Animal Architecture at ARUP

Animal Estates London HQ. Image: Abäke

Footprint recently visited Arup’s Animal Estates HQ for discussions on bats and green roofs chaired by ecologist Gary Grant.  The audience was surrounded by the latest in animal architecture, from an insect hotel to bat bricks and bee houses. Animal Estates poses the question devised by artist Fritz Haeg: what if animals were clients in the building process?

Martin Fernandez de Cordova

Bee houses by Amy Pliszka. Photo: Martin Fernandez de Cordova

Kelly Gunnell from the Bat Conservation Trust discussed the requirements of the bat client. As excellent indicators of biodiversity, bats are a great starting point for encouraging diverse habitats. When designing for bats, it’s important to analyse connections between neighbouring areas of biodiversity. Bats need a suitable roost, but also good commuting routes to foraging sites. Biodiversity requires a consideration not just of individual buildings, but of urban landscapes, connections and networks.

Mapping biodiversity across London at Arup Phase 2

Mapping biodiversity across London at Arup Phase 2

Connecting green ‘stepping stones’ are important for creating wildlife ‘corridors’ through the city. Kate Priestman from Arup presented a green-roofed vision of the City of London that could help future bat populations. She discussed the importance of varying colours, textures and substrates when designing a living roof, and cited interesting case studies, from the highline in New York to the Arup’s project for Regents Place in Camden.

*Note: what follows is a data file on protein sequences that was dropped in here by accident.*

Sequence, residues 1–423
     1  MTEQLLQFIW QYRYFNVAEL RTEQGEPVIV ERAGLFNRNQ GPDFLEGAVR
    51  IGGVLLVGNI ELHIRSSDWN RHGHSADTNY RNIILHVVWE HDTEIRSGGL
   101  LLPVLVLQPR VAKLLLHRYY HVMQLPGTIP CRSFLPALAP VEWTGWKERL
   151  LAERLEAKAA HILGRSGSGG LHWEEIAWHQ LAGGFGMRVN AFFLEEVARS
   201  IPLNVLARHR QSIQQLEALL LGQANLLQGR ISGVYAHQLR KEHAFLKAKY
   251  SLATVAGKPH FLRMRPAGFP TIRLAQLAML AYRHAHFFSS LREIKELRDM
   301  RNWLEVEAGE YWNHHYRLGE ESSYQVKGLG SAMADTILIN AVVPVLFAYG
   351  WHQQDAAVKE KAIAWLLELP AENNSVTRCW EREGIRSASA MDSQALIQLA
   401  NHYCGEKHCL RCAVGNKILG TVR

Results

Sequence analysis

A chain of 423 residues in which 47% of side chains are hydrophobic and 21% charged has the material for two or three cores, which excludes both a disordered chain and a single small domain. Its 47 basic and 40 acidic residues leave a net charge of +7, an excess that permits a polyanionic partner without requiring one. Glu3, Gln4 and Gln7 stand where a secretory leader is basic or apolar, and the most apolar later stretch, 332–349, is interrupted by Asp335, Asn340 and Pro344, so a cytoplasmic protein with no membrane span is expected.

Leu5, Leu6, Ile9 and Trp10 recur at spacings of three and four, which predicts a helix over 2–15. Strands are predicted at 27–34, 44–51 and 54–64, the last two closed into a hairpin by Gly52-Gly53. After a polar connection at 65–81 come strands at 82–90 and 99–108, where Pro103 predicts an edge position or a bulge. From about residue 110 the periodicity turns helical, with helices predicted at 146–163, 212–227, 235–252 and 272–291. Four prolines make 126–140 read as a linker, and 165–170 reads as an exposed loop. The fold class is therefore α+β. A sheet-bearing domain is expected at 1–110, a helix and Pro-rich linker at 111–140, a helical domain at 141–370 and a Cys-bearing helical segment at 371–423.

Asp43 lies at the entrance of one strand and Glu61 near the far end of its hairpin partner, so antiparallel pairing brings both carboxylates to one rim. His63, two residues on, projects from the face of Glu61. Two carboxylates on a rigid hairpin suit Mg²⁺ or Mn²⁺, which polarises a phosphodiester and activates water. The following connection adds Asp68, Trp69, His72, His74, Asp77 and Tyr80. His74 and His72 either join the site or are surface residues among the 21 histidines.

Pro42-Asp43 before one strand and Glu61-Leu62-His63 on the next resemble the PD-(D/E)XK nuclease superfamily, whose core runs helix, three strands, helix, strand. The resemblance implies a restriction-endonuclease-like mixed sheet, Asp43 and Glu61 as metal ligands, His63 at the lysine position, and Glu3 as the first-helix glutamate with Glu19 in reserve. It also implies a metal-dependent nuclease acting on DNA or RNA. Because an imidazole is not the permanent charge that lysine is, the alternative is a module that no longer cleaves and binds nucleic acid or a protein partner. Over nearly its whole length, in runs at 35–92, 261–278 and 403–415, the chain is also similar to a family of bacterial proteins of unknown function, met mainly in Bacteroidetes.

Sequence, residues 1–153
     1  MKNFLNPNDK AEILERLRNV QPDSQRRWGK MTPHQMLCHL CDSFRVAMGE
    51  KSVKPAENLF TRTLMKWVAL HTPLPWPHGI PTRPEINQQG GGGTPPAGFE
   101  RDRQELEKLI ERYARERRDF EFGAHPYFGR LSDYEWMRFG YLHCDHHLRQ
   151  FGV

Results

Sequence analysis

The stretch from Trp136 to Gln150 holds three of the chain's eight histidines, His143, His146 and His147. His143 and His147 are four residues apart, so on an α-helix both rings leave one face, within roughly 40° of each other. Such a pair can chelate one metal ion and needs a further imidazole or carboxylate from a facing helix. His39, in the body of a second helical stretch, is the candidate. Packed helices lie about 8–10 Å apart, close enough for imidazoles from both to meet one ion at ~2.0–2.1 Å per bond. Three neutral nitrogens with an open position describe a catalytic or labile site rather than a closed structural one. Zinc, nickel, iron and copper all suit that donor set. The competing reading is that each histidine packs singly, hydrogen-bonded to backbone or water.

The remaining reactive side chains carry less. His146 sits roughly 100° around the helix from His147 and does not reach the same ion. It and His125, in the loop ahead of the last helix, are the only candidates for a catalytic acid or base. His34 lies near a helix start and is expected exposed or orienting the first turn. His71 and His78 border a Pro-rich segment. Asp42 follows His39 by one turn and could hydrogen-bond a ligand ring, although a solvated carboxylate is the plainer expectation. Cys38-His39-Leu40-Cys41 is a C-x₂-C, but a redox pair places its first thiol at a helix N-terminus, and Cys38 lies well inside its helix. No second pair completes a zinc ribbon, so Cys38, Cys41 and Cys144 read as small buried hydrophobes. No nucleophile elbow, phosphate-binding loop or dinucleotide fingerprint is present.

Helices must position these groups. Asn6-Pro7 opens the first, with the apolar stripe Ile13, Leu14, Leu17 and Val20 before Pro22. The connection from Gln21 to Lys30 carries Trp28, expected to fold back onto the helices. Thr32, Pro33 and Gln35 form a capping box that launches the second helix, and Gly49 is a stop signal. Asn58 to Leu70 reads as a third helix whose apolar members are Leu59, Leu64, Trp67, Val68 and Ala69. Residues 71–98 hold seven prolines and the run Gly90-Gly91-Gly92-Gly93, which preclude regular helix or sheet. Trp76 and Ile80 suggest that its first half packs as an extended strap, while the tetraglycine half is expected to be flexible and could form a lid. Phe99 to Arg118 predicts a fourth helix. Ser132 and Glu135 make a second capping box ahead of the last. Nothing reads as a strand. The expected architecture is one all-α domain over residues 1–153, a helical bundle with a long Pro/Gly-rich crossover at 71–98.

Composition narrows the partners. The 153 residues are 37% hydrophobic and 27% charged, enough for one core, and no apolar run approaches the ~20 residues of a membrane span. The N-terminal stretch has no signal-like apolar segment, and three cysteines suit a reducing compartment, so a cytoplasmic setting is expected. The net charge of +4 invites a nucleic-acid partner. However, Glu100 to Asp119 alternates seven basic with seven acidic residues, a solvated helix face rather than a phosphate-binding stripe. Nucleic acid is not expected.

Green roof strategy for the City of London.

A study for the Living Roof Forum has shown that 200 million m2 of roof space in the UK can be greened with little modification. Pocket habitats are a unique way of retrofitting green roofs and were presented by Russell Hartwell from Sky Gardens. Since Footprint’s last post, they have been tested on a number of sites in the City, with successful flowering poppies and marigolds on the 2000sq m green roof retrofit of Exchange House in Broadgate.
Ken Adlard

Pocket habitats on display. Photo: Ken Adlard

All this talk of bats, herons and hedgehogs conjures up images of pastoral landscapes. Yet urban biodiversity is often as unkempt and unexpected as the city itself. From pocket habitats in multi-storey carparks, to bat-sightings in Elephant and Castle, urban biodiversity can be far removed from the rural idyll.

In fact, carefully designed co-habitation between people and animals can help aid urban regeneration. Kelly Gunnell discussed a successful example of this in Austin, Texas. Here, bats appropriated an existing bridge structure and became a spectacle that revitalised the surrounding public space. ‘Add-on’ bird boxes can be beautiful, but urban biodiversity can also capture the architectural imagination on a larger scale. Recognising animals as clients in our urban environments can introduce a rich diversity that benefits people, too.

Austin Post

Bats living in Austin, Texas Photo: Austin Post

Further Animal Estates discussions on sparrows, swifts and bees can be watched online here.

The exhibition and upcoming workshops are free and open to the public until January 20th. More details here.

By Tierney Lovell, past AJ sustainability intern.

One Response to “Animal Architecture at ARUP”

  1. Great article! I want a bat house! It would be great to have a site where people could map their bat house locations to see where more were needed, etc. Not sure I would be helping them at this point if I were the only house with bat accommodations.

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